# Finding longest common prefix

I have been trying to solve a modification of the Longest Common Prefix problem. It is defined below.

Defining substring

For a string P with characters P1, P2,…, Pq, let us denote by P[i, j] the substring Pi, Pi+1,…, Pj.

Defining longest common prefix

LCP(S1, S2,…, Sk), is defined as largest possible integer j such that S1[1, j] = S2[1, j] = … = Sk[1, j].

You are given an array of N strings, A1, A2 ,…, AN and an integer K. Count how many indices (i, j) exist such that 1 ≤ i ≤ j ≤ N and LCP(Ai, Ai+1,…, Aj) ≥ K. Print required answer modulo 109+7.

Note that K does not exceed the length of any of the N strings. K <= min(len(Ai)) for all i

For example,

A = ["ab", "ac", "bc"] and K=1.

LCP(A[1, 1]) = LCP(A[2, 2]) = LCP(A[3, 3]) = 2
LCP(A[1, 2]) = LCP("ab", "ac") = 1
LCP(A[1, 3]) = LCP("ab", "ac", "bc") = 0
LCP(A[2, 3]) = LCP("ac", "bc") = 0


Constraints

1 ≤ Sum of length of all strings ≤ 5*105. Strings consist of small alphabets only.

Here is my approach:

class Solution:
# @param A : list of strings
# @param B : integer
# @return an integer
def LCPrefix(self, A, B):
res = 0
for i in xrange(len(A)):
prev = A[i]
prevLCP = len(A[i])
for j in xrange(i, len(A)):
prevLCP = self.getLCP(prev, A[j], prevLCP)
prev = A[j]

if prevLCP >= B:
res += 1

return res % 1000000007

def getLCP(self, A, B, upto):
i = 0
lim = min(upto, len(B))
while i < lim:
if A[i] != B[i]:
break

i += 1

return i


The time complexity of this algorithm is O(n^2*m), where n is the length of the list and m is the maximum length of the string.

The online judge (InterviewBit) does not accept this solution in terms of time complexity. Can anyone think of a way to improve it?

• Hint: it's possible in O(n * K) without using any fancy datastructures. Jul 26, 2016 at 7:28

Note: although I hinted in a comment that there's a O(n * K) solution, I'm deliberately not going to give it to you (and I hope that by bumping the question to the front page I don't cause someone else to) because in my opinion the point of challenge websites is for you to learn by doing, and you will learn more effectively by figuring it out yourself with hints than by getting the solution on a plate. However, I do have some comments on your code.

class Solution:
# @param A : list of strings
# @param B : integer
# @return an integer


It's useful to document the expected type, but it's more useful to document the meaning. Here B is the K of the problem specification, but I shouldn't have to work that out myself. The parameters would benefit from descriptive names, and the @return should outline what the integer returned means.

    def LCPrefix(self, A, B):
res = 0
for i in xrange(len(A)):
prev = A[i]
prevLCP = len(A[i])
for j in xrange(i, len(A)):
prevLCP = self.getLCP(prev, A[j], prevLCP)
prev = A[j]


There's a possible minor optimisation here: when j == i you already know the LCP, but you calculate it again. In my opinion it would be worth duplicating the simple test if prevLCP >= B: res += 1 before the loop, and only considering j > i. As a bonus, you would no longer need to track prev because you would always be testing the common prefix of A[j-1] and A[j]. (Hint: does that give you any ideas for optimisation?)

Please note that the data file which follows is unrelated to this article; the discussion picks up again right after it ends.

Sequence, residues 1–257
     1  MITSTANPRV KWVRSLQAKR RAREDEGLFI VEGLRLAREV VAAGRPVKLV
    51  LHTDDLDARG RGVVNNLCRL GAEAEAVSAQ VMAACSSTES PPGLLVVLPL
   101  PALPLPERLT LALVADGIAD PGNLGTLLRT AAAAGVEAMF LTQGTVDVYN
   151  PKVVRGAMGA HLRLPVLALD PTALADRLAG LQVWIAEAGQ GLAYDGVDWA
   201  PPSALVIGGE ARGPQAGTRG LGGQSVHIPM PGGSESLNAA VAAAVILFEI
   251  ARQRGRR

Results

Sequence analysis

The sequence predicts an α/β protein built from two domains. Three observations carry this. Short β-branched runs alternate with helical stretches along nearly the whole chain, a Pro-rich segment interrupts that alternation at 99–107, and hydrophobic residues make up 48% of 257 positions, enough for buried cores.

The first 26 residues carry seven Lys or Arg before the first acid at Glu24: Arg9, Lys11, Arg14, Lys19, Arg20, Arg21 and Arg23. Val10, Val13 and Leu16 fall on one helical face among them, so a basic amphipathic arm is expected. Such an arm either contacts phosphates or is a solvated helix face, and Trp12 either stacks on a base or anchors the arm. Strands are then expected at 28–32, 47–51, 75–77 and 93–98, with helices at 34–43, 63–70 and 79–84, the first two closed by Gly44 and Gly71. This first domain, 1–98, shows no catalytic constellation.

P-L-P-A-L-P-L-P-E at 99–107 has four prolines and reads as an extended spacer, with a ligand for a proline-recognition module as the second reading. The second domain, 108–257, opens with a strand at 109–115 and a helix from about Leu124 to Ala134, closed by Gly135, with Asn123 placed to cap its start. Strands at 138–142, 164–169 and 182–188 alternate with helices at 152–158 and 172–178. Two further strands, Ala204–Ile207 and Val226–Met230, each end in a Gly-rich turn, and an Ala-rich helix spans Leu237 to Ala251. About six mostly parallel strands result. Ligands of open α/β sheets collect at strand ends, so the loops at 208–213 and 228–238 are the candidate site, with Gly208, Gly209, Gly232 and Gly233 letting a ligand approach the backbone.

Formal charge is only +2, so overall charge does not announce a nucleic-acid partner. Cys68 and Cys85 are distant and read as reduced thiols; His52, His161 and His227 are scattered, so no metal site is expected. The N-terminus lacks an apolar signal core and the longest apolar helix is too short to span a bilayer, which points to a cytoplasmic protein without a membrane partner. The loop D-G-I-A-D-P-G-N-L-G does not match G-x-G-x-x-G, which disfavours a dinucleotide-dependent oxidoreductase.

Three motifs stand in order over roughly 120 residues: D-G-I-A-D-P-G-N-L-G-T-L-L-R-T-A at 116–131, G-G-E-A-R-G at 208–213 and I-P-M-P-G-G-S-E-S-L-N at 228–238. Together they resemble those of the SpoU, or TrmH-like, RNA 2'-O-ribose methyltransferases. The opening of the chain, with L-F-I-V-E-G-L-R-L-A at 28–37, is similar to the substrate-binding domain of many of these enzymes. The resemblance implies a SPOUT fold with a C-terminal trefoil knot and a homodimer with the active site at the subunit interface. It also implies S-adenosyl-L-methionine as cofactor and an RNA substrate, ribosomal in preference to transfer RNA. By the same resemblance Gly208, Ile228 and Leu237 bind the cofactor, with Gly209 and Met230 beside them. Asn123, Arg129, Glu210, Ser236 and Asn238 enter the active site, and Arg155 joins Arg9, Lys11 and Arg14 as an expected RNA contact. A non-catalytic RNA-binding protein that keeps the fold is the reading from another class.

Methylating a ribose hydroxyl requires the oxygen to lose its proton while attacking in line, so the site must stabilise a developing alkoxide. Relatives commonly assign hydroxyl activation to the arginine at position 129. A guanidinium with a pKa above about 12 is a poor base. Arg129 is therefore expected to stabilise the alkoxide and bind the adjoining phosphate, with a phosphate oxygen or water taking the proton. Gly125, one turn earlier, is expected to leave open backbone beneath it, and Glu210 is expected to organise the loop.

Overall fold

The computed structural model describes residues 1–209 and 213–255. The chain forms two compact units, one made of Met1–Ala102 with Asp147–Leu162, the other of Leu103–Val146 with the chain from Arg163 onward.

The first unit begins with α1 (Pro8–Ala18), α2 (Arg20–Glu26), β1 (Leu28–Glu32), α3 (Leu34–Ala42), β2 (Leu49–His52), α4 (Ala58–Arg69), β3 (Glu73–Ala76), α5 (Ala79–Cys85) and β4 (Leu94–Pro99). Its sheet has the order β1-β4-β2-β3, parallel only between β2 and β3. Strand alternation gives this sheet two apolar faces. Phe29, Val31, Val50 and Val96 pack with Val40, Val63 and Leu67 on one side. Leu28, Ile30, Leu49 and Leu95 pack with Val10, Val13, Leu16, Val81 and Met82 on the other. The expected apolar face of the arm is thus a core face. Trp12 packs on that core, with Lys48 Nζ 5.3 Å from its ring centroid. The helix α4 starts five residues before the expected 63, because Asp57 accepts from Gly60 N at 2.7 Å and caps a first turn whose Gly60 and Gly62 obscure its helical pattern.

Why the update to prevLCP? I can figure it out, but a comment (and a better name - because the value of prevLCP isn't the previous LCP) would be useful.

                if prevLCP >= B:
res += 1


An else: break clause here would not change the asymptotic complexity of your solution, but it would surely make it much faster in many test cases.

        return res % 1000000007


I'll give you one more hint about improving the complexity: the fact that they want the answer modulo 109 is a really big clue that you shouldn't compute it solely via res += 1.

    def getLCP(self, A, B, upto):


Document the parameters, and think about the names. getLCP implies to me that the return value should be the longest common prefix: i.e. a string. But it's actually an integer, and it might not even be the length of the LCP because of upto.

        i = 0
lim = min(upto, len(B))
while i < lim:
if A[i] != B[i]:
break

i += 1

return i


In the other method you used xrange: why not here?

        lim = min(upto, len(B))
for i in xrange(lim):
if A[i] != B[i]:
return i
return lim

• you could do spoiler, if you have answer give it(link, point it), or better remove that part of answer, to not provoke someone to post it (if it's really exists) Jul 28, 2016 at 11:17

My guess is that you will want to use a DAWG or similar structure. This will take a while to start, but it will greatly speed up prefix searches.

• While a recommendation for a new way is always great, it isn't really a review. Please either review the code, optionally including this recommendation, or leave this recommendation as a comment on the question and delete this answer. Jul 27, 2016 at 0:16